On October 12, 2018, at the NYU School of Law Program on Corporate Compliance and Enforcement Conference, Brian A. Benczkowski, Assistant Attorney General for the Department of Justice's Criminal Division, announced new guidance to prosecutors regarding when to impose a corporate monitor as part of a corporate criminal resolution.

Benczkowski explained that the new guidance is rooted in "the foundational principle that the imposition of a corporate monitor is never meant to be punitive [and] . . . should occur only when necessary to ensure compliance with the terms of a corporate resolution and to prevent future misconduct."1 He emphasized that as a matter of "longstanding practice . . . imposing corporate monitors . . . [constitutes] the exception, not the rule."2

According to Benczkowski, the new policy recognizes the limited need for the imposition of a monitor as part of a criminal resolution. It further recognizes that, insofar as a monitor is imposed, the scope of the monitorship should be narrowly tailored to address the specific issues and concerns giving rise to the need for a monitor.

In a 2008 memorandum, then-Acting Deputy Attorney General Craig S. Morford articulated a cost-benefit approach to guide prosecutors in assessing the need and propriety for a monitor. It sets forth two broad considerations: "(1) the potential benefits that employing a monitor may have for the corporation and the public; and (2) the cost of a monitor and its impact on the operations of a corporation."3 The new guidance document, titled Selection of Monitors in Criminal Division Matters ("Benczkowski Memorandum"), builds on these considerations by identifying specific factors for prosecutors to consider in making this cost-benefit assessment.

As to the "potential benefits" of a monitor, the Benczkowski Memorandum directs prosecutors to consider the following factors:

  • Did the underlying misconduct involve manipulating books and records or exploiting an inadequate compliance program or internal control systems;
  • Was the misconduct pervasive across the organization, or did it involve senior management;
  • Has the company made significant investments in, and improvements to, its corporate compliance program and internal control systems;
  • Has the company tested remedial improvements and internal controls to establish that they would prevent or detect similar misconduct in the future;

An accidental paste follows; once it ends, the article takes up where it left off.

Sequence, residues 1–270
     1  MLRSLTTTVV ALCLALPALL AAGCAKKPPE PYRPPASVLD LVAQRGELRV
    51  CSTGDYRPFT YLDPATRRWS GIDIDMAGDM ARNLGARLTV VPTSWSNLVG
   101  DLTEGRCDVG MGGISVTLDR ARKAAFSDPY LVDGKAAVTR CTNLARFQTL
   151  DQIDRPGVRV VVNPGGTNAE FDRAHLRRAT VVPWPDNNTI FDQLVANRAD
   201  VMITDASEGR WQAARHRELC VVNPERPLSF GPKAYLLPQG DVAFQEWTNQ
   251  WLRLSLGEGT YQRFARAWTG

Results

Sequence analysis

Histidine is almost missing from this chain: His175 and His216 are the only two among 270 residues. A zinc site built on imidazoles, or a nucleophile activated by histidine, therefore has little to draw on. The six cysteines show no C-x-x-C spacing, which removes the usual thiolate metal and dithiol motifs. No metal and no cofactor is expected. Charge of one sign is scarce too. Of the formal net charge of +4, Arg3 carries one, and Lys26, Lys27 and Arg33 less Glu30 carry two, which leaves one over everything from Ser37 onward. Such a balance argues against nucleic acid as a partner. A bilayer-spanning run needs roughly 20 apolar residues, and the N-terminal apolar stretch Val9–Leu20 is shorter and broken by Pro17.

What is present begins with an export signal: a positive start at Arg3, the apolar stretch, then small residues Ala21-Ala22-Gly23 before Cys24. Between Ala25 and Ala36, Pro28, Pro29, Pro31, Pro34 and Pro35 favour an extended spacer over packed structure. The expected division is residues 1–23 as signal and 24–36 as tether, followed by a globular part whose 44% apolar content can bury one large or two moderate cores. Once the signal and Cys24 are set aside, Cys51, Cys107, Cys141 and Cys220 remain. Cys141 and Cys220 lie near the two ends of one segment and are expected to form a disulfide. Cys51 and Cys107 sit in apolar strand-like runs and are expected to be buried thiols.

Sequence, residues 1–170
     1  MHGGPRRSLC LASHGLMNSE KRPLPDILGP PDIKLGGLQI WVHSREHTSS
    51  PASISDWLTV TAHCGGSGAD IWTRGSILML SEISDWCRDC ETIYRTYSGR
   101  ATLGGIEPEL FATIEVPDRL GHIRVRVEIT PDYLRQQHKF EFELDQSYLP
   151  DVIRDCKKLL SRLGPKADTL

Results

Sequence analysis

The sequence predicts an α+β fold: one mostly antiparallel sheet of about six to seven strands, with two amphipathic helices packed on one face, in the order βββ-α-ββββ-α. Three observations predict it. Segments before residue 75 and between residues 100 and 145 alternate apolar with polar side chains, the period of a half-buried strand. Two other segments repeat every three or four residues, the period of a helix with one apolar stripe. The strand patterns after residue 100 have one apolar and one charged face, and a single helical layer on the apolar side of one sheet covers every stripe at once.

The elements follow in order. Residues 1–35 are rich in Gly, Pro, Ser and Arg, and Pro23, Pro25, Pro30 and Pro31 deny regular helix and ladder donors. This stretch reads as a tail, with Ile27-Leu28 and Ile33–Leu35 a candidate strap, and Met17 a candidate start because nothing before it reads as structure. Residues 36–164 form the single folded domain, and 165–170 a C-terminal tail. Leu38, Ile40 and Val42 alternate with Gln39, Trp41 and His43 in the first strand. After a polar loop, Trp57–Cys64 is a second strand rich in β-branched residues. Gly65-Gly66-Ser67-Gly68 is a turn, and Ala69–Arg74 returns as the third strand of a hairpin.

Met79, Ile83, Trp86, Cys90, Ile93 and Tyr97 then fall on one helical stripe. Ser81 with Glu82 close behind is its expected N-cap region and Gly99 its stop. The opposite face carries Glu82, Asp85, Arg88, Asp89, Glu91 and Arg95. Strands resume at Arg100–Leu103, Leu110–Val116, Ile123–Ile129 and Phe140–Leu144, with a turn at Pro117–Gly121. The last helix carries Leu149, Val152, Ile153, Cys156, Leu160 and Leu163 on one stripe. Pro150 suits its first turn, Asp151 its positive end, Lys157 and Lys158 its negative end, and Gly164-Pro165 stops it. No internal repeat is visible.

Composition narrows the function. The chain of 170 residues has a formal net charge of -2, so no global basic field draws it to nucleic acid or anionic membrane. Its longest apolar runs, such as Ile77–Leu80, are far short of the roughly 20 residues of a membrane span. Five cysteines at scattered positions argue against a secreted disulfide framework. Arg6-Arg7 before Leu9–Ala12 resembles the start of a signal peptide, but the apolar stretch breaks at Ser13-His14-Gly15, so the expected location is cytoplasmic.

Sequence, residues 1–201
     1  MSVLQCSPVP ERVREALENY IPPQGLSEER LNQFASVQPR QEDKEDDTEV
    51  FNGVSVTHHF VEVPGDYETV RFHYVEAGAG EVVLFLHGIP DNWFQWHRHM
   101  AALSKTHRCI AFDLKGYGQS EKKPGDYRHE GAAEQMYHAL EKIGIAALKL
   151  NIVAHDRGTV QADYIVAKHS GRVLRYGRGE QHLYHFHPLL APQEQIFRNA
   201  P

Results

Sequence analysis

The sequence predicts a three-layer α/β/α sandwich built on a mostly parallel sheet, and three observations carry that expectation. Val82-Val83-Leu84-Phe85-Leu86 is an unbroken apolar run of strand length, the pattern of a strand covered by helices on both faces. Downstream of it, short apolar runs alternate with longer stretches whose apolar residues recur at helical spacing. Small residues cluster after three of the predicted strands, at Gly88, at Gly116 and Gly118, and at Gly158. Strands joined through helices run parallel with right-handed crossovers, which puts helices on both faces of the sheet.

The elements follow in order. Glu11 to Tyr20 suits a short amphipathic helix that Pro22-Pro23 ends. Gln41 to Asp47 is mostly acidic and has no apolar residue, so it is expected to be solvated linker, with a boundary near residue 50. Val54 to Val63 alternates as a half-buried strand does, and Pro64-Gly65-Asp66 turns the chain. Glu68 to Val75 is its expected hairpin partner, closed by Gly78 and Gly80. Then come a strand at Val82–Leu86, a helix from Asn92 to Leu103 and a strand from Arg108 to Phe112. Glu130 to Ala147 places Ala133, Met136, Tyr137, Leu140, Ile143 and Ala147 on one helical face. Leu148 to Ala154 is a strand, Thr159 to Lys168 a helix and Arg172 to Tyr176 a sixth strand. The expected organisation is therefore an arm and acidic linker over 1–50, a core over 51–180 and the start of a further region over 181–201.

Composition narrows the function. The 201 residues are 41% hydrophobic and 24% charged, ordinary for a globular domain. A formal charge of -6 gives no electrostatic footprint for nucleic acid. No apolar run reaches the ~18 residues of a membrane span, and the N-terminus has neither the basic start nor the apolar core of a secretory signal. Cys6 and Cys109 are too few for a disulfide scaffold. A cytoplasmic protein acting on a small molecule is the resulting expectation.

• If the misconduct occurred under different corporate leadership or within an obsolete compliance environment, are the changes in corporate culture and/or leadership adequate to safeguard against a recurrence;
  • Were adequate remedial measures taken to address problem behavior by employees, management, or third-party agents, including, where appropriate, terminating business relationships and practices that contributed to the misconduct; and
  • As to the adequacy of remediation efforts and the effectiveness and resources of its compliance program, the unique risks and compliance challenges the company faces, including the particular region(s) and industry in which the company operates, and the nature of the company's clientele should be considered.

With respect to weighing the potential costs to the company, the Benczkowski Memorandum instructs prosecutors to consider both the monetary burden on the company and whether the proposed scope of a monitor's role is appropriately tailored to avoid unnecessary burdens to its operations.

The Benczkowski Memorandum embraces a guidance disfavoring the imposition of a monitor, except where "a demonstrated need for and clear benefit" of monitorship outweighs its "projected costs and burdens."4 Notably, the Benczkowski Memorandum states that "[w]here a corporation's compliance program and controls are demonstrated to be effective and appropriately resourced at the time of resolution, a monitor will likely not be necessary."5

The new guidance is of significance to companies under investigation as well as to companies that may be the subject of future investigation. The Benczkowski Memorandum identifies measures of "effective and appropriately resourced compliance programs and controls."6 As such, it provides valuable resources for clients and their counsel. In the case of companies under investigation, the factors set forth in the Benczkowski Memorandum signal the remedial measures which, if taken prior to resolution, could obviate the imposition of a monitor. And more broadly, it signifies that companies that proactively maintain a well-designed and robust compliance program are likely not at risk of having a monitor imposed on them.

For companies that wish to avoid the imposition of a corporate monitor in the event a government investigation is launched, the new guidance provides incentives to institutionalize rigorous compliance cultures and programs as well as to remediate noncompliance promptly and thoroughly. In order to best position companies to avoid the enhanced costs a long-term monitorship could impose, we recommend consulting with outside counsel to benchmark compliance programs.


1 Brian A. Benczkowski, Assistant Att'y Gen. U.S. Dep't of Just., Assistant Attorney General Brian A. Benczkowski Delivers Remarks at NYU Law School Program on Corporate Compliance and Enforcement Conference on Achieving Effective Compliance (Oct. 12, 2018) ("Benczkowski Remarks"), available at https://www.justice.gov/opa/speech/assistant-attorney-general-brian-benczkowski-delivers-remarks-nyu-school-law-program

2 Id.

3 Memorandum from Brian A. Benczkowski, Assistant Att'y Gen., to All Criminal Division Personnel, Selection of Monitors in Criminal Division Matters, at 2 (Oct. 11, 2018) ("Benczkowski Memorandum"), available at https://www.justice.gov/opa/speech/file/1100531/download

4 Id.

5 Id.

6 Id.

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